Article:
I am nearing the 18 month mark on my fitness journey. Regular workouts, more activity, and eating clean are paying off!
Armed with my trusty old York 2600 built in the 80s, a good range of hex dumbbells, and soon to be joined by a new-fangled exercise bike for cardio, I've seen and experienced great gains in size and strength. I went from 200lb bench (3 sets of 8) to the maximum of the home gym (260lbs) with a max one time rep of 340lbs. The guns went from 15 or so inches to 17.5+. Not bad for an old guy!
I've kept eating clean for lots of reasons. I'm in the age-range risk of hypertension, and any excess fat I carry around will also prove a liability as the metabolism slows with age. In the past 100 days, I've made my eating even cleaner. I avoid all red meat, any added bad fats, most refined carbs like bread and pasta, any added salt, and zero refined sugars. My diet mostly consists of high-quality protein in bar and shake form, loads of supplements, creatine powder, tuna, chicken, bananas, and spinach or kale. I also get tons of fibre in making great mixed bean and veg dishes. I don't miss salt since I can flavour with paprika, pepper, and other spices. My taste buds are actually far more sensitive now, and I get plenty of onions, garlic, broccoli, celery, and just about any other good vegetable I can throw into the mix with dinner. Weight wise, in the past 100 days alone I've shed about 7lbs of fat. Granted, I wasn't overweight to begin with, but shedding a bit of the excess is making me feel much leaner and fit.
At the age of 39 you begin to face the real limits of aging, and have to acknowledge those limits. I'm not the twentysomething buck I once was with an easier time building mass or recuperating from workouts as quickly. By about January, I was getting pain and reduced range of motion (ROM) in the distal biceps tendon. Curling 55lbs at 3 sets of 8-10 was a bit too much. Eager for affordable solutions, and not wanting to get collagen-destroying cortisone shots that only mask pain and increase the risk of injury, I came upon an at-home remedy. Here's why and how:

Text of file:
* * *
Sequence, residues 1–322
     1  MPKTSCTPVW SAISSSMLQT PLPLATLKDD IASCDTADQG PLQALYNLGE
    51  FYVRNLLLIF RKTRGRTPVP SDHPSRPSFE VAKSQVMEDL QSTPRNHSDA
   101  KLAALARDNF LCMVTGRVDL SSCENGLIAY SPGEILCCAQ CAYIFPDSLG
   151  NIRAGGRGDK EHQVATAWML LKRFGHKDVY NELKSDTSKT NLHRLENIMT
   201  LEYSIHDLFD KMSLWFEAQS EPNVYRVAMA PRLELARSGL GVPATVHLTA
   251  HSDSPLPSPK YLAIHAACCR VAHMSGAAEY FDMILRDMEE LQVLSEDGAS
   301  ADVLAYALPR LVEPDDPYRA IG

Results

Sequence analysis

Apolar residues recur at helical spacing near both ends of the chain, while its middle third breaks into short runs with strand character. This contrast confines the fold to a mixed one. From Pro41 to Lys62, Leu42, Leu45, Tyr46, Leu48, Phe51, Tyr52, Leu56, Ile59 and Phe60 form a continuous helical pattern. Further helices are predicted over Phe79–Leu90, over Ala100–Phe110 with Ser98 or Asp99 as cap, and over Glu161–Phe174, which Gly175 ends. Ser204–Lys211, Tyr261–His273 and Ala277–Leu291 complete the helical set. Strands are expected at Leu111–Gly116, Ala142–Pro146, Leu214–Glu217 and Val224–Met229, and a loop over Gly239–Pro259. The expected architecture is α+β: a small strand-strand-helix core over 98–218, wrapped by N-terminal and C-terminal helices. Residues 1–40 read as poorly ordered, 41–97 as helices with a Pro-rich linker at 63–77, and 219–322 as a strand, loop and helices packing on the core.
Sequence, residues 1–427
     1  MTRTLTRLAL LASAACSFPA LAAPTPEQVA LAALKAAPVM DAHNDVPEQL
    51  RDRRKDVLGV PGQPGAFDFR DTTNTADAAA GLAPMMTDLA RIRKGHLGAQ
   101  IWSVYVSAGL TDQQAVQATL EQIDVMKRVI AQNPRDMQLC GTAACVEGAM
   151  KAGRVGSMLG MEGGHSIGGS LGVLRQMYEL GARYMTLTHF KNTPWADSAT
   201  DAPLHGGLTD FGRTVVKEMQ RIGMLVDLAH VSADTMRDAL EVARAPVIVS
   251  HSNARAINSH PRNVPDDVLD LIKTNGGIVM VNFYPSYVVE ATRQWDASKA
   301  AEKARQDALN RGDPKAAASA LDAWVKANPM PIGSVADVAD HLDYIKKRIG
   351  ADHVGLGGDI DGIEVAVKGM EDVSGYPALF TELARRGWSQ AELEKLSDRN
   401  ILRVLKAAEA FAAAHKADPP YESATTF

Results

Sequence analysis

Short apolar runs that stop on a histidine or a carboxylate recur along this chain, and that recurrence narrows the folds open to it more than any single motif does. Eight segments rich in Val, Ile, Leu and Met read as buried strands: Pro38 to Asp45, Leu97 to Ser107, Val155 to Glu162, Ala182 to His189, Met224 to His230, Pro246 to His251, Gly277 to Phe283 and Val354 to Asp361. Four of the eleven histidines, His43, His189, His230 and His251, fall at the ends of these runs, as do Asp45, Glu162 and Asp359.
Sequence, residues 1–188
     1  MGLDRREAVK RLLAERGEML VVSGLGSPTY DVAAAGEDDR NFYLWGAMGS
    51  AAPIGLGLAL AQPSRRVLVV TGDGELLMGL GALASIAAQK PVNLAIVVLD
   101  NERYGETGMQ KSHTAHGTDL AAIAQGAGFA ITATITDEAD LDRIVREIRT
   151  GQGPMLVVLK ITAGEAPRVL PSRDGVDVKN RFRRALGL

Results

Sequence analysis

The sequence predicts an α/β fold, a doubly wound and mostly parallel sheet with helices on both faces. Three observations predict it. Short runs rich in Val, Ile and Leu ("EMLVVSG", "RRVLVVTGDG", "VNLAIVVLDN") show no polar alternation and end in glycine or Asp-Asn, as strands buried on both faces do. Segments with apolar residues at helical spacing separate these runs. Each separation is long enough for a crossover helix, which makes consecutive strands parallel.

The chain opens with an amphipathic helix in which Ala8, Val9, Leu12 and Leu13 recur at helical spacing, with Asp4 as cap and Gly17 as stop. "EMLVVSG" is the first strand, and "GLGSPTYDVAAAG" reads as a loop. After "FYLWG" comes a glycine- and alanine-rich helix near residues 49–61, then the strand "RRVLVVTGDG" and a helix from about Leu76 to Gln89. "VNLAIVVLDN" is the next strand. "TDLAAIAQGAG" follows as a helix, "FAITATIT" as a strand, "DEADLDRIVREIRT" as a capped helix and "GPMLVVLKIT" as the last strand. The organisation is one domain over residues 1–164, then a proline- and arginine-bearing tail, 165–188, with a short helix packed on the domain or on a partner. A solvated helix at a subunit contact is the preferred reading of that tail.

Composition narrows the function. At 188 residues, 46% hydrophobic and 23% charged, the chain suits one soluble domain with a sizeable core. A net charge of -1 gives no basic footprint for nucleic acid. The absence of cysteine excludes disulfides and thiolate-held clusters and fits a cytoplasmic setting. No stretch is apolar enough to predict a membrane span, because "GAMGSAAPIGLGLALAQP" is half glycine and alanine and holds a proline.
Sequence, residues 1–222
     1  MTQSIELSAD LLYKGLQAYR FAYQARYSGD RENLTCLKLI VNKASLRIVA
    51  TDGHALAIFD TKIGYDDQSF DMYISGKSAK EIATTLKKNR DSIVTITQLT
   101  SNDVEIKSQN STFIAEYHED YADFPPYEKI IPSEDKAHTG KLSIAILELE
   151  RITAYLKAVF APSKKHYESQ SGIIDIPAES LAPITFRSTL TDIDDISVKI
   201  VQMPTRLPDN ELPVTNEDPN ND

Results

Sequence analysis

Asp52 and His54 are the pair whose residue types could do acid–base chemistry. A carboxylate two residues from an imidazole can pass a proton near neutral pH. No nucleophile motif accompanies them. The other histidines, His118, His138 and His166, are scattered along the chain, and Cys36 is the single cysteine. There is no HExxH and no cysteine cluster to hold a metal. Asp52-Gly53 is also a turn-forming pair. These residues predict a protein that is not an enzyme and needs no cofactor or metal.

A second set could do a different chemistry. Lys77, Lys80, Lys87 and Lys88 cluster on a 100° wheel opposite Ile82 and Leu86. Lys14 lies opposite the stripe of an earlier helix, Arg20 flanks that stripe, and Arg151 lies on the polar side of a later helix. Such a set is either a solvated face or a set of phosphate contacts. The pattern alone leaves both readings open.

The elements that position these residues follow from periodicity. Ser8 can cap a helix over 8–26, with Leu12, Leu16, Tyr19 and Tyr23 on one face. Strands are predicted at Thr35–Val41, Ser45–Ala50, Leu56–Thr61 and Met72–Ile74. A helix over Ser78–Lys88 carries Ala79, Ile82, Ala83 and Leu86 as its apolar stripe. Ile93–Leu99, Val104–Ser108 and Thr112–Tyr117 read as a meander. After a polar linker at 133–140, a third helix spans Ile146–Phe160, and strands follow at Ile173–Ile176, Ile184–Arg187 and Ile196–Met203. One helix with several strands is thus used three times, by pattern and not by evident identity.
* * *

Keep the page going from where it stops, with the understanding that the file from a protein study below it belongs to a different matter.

Picture your tendons like a steel cable that attaches to the muscle and the bone. When you experience tears from overuse or improper form, this compromises the entire mechanism. Our first instinct is to just rest it until it heals. In most cases for other tissues, that's a great idea - but not for tendons. The problem with tendons is that they do not get a lot of blood flow, and it is blood that carries all the nutrients in the body to facilitate healing. This makes recovery very slow, such as between three to up to twelve months, pending the degree of tendonitis or tendonosis. Moreover, while you are resting it for months, your attaching muscle begins to atrophy from lack of use, and so this further compromises the entire mechanism. So what do you do?
1. Lay off lifting heavy with the affected area. I mean it. Go light to moderate just to remind the muscle with activity, and to get some blood pump into the area that will benefit tendon repair. Use light(er) weights for higher repetitions. On the non-lifting days, use even lighter weights or a resistance band.
2. Incorporate eccentric curls for the biceps. These involve using your good arm to lift the weight up to the ending position of a normal curl, and then let the injured arm extend slowly and with proper form to where you would usually begin a bicep curl. This puts less stress on the tendon.
3. Use NSAIDs sparingly. They only mask pain by bringing down inflammation. Instead, bump up your vitamin C and especially your Omega-3s (double bonus: good for the heart, too!)
4. Even if your arm feels 80-90%, don't immediately jump back into heavy lifting. Premature loading will just bring back the injury with a vengeance, and possibly delay your goals for longer.
5. Don't try to "work through the pain." Once it starts hurting, stop.
6. Spend much more time warming up. If you're my age or older, warm-ups are absolutely critical to minimizing injury if you like to lift heavy.